MARTIN: I was wondering if the Black-owned businesses in D.C., particularly the dining establishment, have some unique characteristics. Like, for example, are they mostly family-owned? I'm thinking about the spots that I particularly love. I think they're family businesses. You know, is my personal experience accurate - that they're overwhelmingly family businesses?
MALIK: Yes. I think that's true in D.C., but data shows that it's basically true nationwide. So Black-owned businesses in general tend to start with less capital than their peers. And they're also far less likely - I think over 90% of them don't have paid employees, which means that they're family-owned, and the secondary and tertiary employees are likely family members that don't draw a regular salary.
So that is the picture nationwide, and it definitely holds true for a lot of Black-owned restaurants in D.C. in my experience, right? There are always exceptions, but we're talking about small mom and pop shops in their communities, right? Maybe the son might work the register and help with their marketing, and maybe the mom is the chef. And it's really a family operation.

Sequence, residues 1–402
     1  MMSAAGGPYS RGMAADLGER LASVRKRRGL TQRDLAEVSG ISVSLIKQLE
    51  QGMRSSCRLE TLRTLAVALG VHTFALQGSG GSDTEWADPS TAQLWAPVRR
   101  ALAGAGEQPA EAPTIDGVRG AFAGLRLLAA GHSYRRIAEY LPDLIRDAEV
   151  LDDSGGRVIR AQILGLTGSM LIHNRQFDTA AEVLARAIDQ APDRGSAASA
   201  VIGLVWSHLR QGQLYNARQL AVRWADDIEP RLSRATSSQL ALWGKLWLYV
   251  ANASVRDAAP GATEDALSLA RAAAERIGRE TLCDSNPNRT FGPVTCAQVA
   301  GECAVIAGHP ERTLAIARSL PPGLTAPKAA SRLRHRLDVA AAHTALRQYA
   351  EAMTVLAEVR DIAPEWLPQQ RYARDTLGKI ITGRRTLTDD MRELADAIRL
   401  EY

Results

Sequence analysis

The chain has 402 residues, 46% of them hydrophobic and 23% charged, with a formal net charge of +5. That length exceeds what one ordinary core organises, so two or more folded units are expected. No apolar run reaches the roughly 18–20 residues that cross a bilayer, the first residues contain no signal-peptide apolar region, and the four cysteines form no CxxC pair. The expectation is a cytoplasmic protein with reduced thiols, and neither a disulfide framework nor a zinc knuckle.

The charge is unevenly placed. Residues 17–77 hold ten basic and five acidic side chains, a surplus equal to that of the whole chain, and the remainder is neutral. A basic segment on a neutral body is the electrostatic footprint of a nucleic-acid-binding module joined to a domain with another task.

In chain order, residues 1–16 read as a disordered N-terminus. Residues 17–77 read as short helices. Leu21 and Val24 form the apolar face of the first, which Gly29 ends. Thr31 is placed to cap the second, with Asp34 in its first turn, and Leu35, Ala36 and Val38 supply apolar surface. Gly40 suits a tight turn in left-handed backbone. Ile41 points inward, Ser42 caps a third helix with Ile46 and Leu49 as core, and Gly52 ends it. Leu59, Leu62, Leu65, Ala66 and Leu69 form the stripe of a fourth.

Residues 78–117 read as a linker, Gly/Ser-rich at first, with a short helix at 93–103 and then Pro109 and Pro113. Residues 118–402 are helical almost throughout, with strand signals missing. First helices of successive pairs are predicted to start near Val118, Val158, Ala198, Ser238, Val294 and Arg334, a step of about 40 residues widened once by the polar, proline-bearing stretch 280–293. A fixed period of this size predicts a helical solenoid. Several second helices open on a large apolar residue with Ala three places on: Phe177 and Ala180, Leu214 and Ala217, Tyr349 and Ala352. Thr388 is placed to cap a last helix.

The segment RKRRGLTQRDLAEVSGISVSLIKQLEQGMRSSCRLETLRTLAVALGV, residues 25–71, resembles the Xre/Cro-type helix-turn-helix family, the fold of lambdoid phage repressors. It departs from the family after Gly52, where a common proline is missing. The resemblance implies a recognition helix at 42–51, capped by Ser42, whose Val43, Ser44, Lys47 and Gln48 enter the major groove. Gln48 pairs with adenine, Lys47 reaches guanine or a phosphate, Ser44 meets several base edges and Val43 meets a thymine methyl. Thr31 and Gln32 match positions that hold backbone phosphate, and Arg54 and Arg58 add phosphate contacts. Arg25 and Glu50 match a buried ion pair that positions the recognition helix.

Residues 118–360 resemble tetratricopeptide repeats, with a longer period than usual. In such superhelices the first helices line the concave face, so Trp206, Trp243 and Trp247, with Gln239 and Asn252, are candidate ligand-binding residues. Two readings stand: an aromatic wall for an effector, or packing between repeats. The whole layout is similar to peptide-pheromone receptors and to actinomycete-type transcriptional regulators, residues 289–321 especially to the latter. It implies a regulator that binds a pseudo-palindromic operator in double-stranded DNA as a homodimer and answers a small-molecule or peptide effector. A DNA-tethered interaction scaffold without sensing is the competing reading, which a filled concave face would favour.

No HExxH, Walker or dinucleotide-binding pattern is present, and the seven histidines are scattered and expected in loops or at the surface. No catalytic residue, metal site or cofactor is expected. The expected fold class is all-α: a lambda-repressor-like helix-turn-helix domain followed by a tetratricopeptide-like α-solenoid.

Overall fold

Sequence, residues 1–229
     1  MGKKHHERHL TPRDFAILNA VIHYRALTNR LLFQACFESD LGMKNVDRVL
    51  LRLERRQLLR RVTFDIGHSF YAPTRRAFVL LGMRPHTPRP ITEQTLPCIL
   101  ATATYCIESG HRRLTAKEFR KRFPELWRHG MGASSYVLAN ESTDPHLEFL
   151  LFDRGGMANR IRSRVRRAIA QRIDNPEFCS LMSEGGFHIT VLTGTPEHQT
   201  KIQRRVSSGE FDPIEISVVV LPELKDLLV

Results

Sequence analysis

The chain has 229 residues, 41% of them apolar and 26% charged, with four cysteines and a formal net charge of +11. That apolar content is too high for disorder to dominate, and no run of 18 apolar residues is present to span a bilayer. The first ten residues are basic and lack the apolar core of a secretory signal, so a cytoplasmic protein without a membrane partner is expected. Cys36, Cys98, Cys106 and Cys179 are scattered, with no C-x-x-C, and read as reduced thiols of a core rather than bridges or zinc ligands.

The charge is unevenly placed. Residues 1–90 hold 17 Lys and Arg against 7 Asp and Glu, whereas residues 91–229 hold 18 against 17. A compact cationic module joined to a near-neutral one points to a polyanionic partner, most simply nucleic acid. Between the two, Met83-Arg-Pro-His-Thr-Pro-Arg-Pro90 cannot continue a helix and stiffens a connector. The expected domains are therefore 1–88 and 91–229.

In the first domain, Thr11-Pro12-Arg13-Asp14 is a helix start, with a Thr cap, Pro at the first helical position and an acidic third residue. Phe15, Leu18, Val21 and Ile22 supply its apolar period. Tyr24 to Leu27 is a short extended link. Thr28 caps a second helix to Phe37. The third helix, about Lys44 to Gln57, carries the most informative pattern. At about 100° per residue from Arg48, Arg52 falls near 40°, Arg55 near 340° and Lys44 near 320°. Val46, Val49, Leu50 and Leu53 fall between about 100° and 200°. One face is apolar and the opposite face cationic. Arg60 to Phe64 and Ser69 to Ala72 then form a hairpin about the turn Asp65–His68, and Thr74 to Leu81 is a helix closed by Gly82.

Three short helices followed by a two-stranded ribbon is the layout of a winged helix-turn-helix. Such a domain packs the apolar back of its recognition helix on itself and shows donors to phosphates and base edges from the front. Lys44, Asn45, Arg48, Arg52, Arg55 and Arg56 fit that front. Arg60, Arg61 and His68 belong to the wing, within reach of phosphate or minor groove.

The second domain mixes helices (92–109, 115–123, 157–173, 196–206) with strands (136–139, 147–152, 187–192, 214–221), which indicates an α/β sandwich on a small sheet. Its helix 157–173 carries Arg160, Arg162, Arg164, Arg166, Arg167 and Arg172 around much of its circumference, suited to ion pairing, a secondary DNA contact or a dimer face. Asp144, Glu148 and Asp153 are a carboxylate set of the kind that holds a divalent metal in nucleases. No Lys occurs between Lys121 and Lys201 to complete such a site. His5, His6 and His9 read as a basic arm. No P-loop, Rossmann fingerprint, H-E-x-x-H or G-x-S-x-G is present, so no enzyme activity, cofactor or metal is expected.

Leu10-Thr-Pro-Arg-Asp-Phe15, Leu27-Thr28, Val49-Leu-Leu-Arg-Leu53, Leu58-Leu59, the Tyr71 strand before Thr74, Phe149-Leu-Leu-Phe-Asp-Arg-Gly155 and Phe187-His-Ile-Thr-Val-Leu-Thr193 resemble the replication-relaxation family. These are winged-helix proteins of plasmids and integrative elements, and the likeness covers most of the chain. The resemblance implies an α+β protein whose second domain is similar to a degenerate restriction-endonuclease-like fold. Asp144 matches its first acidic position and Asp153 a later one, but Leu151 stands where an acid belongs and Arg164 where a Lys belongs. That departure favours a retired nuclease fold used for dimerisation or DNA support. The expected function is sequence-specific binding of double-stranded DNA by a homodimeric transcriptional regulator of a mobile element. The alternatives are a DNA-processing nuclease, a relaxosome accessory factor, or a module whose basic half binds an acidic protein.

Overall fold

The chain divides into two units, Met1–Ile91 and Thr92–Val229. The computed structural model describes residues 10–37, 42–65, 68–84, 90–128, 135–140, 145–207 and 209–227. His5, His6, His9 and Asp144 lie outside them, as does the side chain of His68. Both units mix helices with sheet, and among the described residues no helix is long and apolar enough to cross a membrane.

MARTIN: You know, the demographics of D.C. have changed quite a lot in the last couple of decades. I mean, I know that people outside of the area - it was colloquially known as Chocolate City because this was a majority-Black city. That actually hasn't been the case for some years now. Now many people might not know that 40% of the population in D.C. is African American now, but almost 76% of Black people in D.C. are actually from the city, and that's compared to just 16% of white residents.
So I was wondering, you know, with that in mind, if one of these businesses goes under, does it feel different than it might if a business was run by somebody who moved here for that purpose? Does that make sense?
MALIK: It does make sense. And I think it's an important question, right? And we're talking about businesses that - especially small businesses - these are the soul of the city. And D.C.'s a very transient city. But as you mentioned - right? - the Black population here - many of them are from D.C. And I went to a restaurant for breakfast this morning that's new. It just opened in Northeast a few weeks ago, and it's Black-owned.
And the owner came out to talk to us, and he was telling us about growing up in this neighborhood that he opened the restaurant in. And he pointed down the street at his high school (laughter) and across the street, you know, at all of these buildings that he has memories in. And I asked him, how has it been since you've opened? And what's it like opening during the pandemic? That must be really scary.